Monday, March 9, 2009

America's Shifting Religious Identity

If you are anything like me, you probably wake up to your own personal subscription list of your favorite blogs on the net. And this morning, in particular, the topic of all the religious blogs centers on the staggering survey results conducted by the American Religious Identification Survey (ARIS). As the USA Today report states:

When it comes to religion, the USA is now land of the freelancers. The percentage of people who call themselves in some way Christian has dropped more than 11% in a generation. The faithful have scattered out of their traditional bases: The Bible Belt is less Baptist. The Rust Belt is less Catholic. And everywhere, more people are exploring spiritual frontiers — or falling off the faith map completely.

These dramatic shifts in just 18 years are detailed in the new American Religious Identification Survey (ARIS), to be released today. It finds that, despite growth and immigration that has added nearly 50 million adults to the U.S. population, almost all religious denominations have lost ground since the first ARIS survey in 1990.
And as the following graph indicates, those who identify themselves as having "no religion" are up in EVERY SINGLE STATE:



Of course this is nothing new. The current religious landscape of America would be virtually unrecognizable by our founders, who were accustomed to a nation with very few Catholics and a concentration of Episcopalian, Quaker and Congregational denominations.

For more graphs demonstrating the decline in religious belief click here.

14 comments:

Dan said...

Well I for one am not surprised. This is a sign of the times. America is losing its Christian heritage and as a result losing itself. It's a sad, sad commentary on our nation. Is it any wonder why same-sex marriage is gaining ground at the same time? I think not. One a nation loses its religious bearings all sorts of evil enters in. I know I will be attacked for this but I must speak up. The bastardization of the Constitution has gone on long enough. Only a repentant heart will return this nation to its rightful place...AS A CHRISTIAN NATION!!!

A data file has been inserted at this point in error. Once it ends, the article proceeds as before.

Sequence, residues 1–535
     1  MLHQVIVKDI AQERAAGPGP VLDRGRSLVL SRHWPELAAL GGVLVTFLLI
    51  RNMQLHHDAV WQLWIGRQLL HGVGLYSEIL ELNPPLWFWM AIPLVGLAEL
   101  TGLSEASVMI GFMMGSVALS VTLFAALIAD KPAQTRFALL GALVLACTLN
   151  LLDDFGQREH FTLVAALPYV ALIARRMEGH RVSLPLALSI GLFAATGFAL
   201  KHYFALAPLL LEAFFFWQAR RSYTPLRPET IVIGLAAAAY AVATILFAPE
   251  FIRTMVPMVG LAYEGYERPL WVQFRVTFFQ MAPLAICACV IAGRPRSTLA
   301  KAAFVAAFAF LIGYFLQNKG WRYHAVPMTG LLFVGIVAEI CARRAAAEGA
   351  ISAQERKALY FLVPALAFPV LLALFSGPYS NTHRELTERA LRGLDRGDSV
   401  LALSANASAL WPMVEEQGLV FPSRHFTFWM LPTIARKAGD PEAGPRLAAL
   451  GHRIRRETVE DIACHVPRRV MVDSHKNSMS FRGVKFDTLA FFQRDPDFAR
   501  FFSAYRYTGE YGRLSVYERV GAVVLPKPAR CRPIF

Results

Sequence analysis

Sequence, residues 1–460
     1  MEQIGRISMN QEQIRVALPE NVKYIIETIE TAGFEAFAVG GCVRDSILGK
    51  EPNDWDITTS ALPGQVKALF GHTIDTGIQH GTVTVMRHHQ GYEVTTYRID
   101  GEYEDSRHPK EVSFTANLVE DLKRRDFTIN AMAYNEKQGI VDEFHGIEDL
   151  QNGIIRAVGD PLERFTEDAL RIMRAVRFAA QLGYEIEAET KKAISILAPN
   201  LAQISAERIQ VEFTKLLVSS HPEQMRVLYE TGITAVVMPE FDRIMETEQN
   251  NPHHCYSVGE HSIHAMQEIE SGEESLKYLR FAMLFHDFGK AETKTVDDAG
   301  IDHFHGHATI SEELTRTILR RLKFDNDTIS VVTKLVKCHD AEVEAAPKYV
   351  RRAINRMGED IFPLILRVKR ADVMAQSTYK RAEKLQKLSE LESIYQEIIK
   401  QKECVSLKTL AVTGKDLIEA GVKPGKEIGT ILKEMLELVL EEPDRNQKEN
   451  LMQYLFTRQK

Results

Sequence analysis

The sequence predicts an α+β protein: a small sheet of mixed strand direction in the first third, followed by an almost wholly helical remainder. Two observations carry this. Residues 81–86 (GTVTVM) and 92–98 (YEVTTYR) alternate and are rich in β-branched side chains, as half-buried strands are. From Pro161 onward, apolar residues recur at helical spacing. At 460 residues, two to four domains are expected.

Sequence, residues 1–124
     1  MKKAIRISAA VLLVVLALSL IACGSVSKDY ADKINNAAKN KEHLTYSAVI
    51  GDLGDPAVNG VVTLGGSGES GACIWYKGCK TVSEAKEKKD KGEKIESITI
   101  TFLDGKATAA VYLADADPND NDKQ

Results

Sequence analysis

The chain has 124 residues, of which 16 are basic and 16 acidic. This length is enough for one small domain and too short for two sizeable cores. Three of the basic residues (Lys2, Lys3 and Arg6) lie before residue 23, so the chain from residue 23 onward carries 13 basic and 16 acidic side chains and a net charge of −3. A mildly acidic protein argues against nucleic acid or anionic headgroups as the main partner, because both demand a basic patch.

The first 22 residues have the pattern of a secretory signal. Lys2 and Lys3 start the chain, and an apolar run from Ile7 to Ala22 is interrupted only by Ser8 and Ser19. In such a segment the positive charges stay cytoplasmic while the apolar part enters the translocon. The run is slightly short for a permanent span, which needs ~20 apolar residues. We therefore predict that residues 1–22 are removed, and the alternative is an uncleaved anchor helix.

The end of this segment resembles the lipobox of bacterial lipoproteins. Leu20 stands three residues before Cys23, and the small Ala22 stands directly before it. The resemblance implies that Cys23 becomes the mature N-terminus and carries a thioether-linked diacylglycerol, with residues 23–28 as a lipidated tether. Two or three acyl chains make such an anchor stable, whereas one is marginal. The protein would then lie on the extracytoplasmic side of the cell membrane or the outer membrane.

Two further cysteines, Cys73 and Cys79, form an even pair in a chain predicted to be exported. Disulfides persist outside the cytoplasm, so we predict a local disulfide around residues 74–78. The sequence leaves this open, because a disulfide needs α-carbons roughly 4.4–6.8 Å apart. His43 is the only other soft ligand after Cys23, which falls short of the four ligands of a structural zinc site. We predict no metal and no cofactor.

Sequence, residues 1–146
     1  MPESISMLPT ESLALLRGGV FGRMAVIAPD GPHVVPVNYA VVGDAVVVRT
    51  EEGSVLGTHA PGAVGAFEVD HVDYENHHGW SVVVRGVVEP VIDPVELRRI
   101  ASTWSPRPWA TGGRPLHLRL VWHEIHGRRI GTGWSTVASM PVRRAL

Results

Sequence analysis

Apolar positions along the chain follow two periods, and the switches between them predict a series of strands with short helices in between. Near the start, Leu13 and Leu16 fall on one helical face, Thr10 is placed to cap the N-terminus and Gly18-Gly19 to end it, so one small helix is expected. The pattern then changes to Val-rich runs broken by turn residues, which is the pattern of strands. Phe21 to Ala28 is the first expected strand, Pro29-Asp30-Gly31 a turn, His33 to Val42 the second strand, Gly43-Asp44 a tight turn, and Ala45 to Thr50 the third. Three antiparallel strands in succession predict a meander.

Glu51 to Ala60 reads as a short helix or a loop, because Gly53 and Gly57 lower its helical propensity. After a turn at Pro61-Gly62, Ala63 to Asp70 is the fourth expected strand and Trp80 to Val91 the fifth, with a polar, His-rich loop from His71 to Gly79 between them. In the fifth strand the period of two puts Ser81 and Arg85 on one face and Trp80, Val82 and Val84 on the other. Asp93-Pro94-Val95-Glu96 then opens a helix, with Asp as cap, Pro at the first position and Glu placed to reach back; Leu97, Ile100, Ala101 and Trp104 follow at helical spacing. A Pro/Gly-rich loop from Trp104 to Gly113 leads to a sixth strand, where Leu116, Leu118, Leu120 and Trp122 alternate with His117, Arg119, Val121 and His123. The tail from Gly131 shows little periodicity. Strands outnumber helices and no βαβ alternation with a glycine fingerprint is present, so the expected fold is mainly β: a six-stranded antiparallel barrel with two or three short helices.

I am so very disappointed in these findings, and I am sure many will praise them as America becoming "enlightened" or shaking of the "chains" of "biased" religion. To those of that sentiment, my heart goes out to you. For our nation to be happy with the systematic MURDER of unborn babies and to sanction the marriage of GAY people is a slap in the face to every single founding father who would have cringed at such evil notions.

I could go on. It's just such a sad, sad reality that America is losing its way. Is it any wonder that we suffer from horrible crime and drug rates, that divorce is skyrocketing, that gays keep demanding their "equal" rights, that babies are killed (more than the Holocaust), that we are a fat, in debt, lazy, inept, selfish and rude nation?

I think not. God FORGIVE America!

Brad Hart said...

Hello there, Dan! Let me be the first to extend a welcome back to our hard-core religious extremist!

Pinky said...

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"For our nation to be happy with the systematic MURDER of unborn babies and to sanction the marriage of GAY people is a slap in the face to every single founding father who would have cringed at such evil notions."
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And, what about the sin of Onan--spilling one's seed on the ground. When will you be ranting against masturbation as killing the unborn?
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I remember growing up in such a world.

Jonathan Rowe said...

Dan makes orthodox Christians look very creepy. He comes off, in my opinion, as a terrible witness for that faith. Dan could learn from Brian.

AM I A HINDU? International Best Seller said...

President Reagan once said that he did not leave the Democratic Party; the party left him. Similarly, most who leave religions are saying almost the same . They did not leave their religion. Their religion left them."